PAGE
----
The point is, community leaders can and should have the tools to address moderation issues in a way that 1) grants administrators agency over the groups or types of content they allow, and 2) allows users to switch between well-tended gardens if they disagree with the moderation policy.
(1) is implicit with any new platform you join. (2) is where things get interesting.
The Big, Hairy, Intractable, No-Good Problem of Portable Identities
Suppose you’re a semi-famous content publisher. You have 10,000 followers on Twitter, whom you converse with regularly and have a large history of communications with. If you decide to switch networks to something like Mastodon, you immediately come into contact with the Hardest Problem of Identity on the Internet, which is that your social graph is not portable between platforms.
The only way to get your 10,000 followers on Twitter to “follow” you onto Mastodon is for every single one of them to sign up for Mastodon, find your account, follow you there, and then if you ever want to reference past conversations, link to a bunch of old Twitter threads. By 2021, Twitter will be dead, and you’ll have to use archive.org. Yuck.
This is basically unworkable. If people are super in love with your content, they’ll maybe make the switch, but it’s hard and boring and dumb to build new networks from scratch. Most people won’t bother.
Combined with the moving-target moderation problem above, you have a recipe for disaster. And here’s the first principle of a workable, future-proof social network: Your identity should not be coupled with the moderation policy of whichever platform you host your social graph on. It’s basically a guarantee that at some point, some percentage of your friends will take issue with (or violate) the terms of service of whatever platform you’re on, and at that point you’re at the whims of platform administrators to hear your plea, or you’re SoL.
Without this kind of guarantee, the promise of federation is ultimately hollow. While you can still message anyone on a remote network, friends-of-your-friends can be rendered invisible to you, without notice, appeal, or any form of recourse, and this is kryptonite to social networks whose value is derived from Metcalfe’s law (read: every network).
This is why I can’t recommend people follow me at @firstname.lastname@example.org. If their moderation policy is changed or enforced in a way I don’t like, I lose the valuable, hard-won community I’ve built by later switching to @email@example.com and having to build my social graph all over again. No-go.
Putting your mouth where your money is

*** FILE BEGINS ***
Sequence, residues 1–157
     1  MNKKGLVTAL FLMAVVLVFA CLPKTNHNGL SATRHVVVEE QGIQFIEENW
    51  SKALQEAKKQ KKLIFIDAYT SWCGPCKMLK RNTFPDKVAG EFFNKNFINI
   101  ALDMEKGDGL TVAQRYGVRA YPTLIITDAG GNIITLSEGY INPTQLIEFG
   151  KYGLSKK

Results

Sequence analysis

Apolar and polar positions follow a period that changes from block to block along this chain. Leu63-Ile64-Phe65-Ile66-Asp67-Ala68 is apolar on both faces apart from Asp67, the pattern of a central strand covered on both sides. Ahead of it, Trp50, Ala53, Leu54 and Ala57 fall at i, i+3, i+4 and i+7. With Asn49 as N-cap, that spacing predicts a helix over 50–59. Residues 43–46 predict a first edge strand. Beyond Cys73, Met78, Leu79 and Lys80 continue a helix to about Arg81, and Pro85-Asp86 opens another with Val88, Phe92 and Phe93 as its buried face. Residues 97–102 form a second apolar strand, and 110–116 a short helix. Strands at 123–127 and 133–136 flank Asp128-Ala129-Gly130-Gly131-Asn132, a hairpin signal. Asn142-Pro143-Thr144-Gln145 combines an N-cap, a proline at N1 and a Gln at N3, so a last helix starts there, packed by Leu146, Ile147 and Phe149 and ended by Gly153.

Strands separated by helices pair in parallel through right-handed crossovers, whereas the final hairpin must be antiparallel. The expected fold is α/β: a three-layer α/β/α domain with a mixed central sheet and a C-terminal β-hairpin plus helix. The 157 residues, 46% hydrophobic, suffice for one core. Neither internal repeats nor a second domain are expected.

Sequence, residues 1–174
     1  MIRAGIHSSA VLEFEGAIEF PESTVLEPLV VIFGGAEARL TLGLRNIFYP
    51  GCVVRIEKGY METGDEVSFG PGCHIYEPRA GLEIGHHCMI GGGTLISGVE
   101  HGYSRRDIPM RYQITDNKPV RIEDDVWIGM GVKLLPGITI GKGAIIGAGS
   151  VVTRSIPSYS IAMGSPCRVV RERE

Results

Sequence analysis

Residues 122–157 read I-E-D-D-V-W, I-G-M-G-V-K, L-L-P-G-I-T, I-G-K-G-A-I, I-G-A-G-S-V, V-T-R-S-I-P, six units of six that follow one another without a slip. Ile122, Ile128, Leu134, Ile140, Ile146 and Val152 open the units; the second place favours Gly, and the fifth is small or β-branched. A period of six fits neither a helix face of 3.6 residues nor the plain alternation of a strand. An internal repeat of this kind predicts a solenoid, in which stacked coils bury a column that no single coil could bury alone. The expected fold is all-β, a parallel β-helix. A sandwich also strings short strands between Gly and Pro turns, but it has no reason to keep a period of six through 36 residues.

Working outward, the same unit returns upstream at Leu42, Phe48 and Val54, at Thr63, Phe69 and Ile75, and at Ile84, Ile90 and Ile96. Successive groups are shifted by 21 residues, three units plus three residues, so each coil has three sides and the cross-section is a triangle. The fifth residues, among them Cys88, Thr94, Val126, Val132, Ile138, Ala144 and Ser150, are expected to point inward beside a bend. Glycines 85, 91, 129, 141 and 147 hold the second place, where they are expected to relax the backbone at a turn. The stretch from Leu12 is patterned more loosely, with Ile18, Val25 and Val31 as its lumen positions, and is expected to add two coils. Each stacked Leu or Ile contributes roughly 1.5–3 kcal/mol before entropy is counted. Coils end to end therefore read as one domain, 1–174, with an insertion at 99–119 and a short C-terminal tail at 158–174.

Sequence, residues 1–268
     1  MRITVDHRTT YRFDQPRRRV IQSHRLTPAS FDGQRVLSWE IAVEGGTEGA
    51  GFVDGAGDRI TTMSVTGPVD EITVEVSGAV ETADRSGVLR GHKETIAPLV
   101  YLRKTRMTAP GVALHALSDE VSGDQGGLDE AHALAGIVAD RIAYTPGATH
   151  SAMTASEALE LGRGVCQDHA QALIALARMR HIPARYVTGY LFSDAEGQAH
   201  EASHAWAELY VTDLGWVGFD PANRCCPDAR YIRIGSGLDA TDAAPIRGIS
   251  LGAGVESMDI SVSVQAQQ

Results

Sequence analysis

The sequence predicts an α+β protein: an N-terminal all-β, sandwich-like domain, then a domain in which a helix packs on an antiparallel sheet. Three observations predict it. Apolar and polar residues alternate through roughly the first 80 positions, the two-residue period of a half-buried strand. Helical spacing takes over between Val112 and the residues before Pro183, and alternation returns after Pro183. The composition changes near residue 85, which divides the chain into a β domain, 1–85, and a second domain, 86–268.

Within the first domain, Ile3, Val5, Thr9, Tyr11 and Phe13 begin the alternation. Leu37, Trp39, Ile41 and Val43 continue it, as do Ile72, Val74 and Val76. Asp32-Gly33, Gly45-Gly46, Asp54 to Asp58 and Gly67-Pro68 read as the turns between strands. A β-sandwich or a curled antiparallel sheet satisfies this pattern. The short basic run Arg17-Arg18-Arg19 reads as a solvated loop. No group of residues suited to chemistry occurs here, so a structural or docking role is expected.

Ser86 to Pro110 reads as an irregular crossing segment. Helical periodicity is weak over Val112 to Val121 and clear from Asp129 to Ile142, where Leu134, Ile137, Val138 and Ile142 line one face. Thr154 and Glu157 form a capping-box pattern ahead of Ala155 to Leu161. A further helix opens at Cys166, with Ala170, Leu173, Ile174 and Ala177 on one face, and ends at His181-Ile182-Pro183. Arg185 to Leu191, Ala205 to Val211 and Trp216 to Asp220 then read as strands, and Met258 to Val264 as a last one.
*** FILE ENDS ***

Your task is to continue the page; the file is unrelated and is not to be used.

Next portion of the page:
You might be asking; why not find another Mastodon instance with a dedicated, long-term mission to block only the most heinous and vile instances, like those with demonstrated spam or child pornography?
Besides the moving-target problem, there’s another dilemma we haven’t talked about yet, which is that running and administering your own social server is friggin’ expensive. Gargron has put a ton of work into getting mastodon.social to 40k active users. He is funding the project via a Patreon to pay for server/living costs, but mostly out of passion: At ~$20k / year (at the time of this writing), he is forfeiting a huge amount of market value for the type of work he’s doing, let alone forgoing huge potential attention monetization from taking VC / ad money and building out a full competitor to an existing platform like Twitter.
I should pause here and say, if you’ve used Mastodon and you’re not contributing to his Patreon, friggin’ do so. Here’s even a big pull quote for you. Just $5 will do. I’ll wait.
Give this man money: https://www.patreon.com/user?u=619786
The problem with alternative instances to mastodon.social is that site reliability is a huge, expensive headache. A liberal moderation policy means nothing if your site goes down for hours out of the week, and full-time developers with the skills to administer 1000+ user networks usually won’t do it out of just the kindness of their hearts.
Until now, users have been unwilling to pay directly for social media experiences, and most communities have opted to take the Devil’s bargain with advertisement companies to keep the experience free. Due to the aforementioned Metcalfe’s law, those networks tend to win out, because the 10–20% of users who are unwilling or unable to pay for web experiences diminish the value of the network for everyone else. Plus, the web has a strong existing culture of not paying for social web services, opting to choose mediums that optimize the priorities of advertisers over the values of users.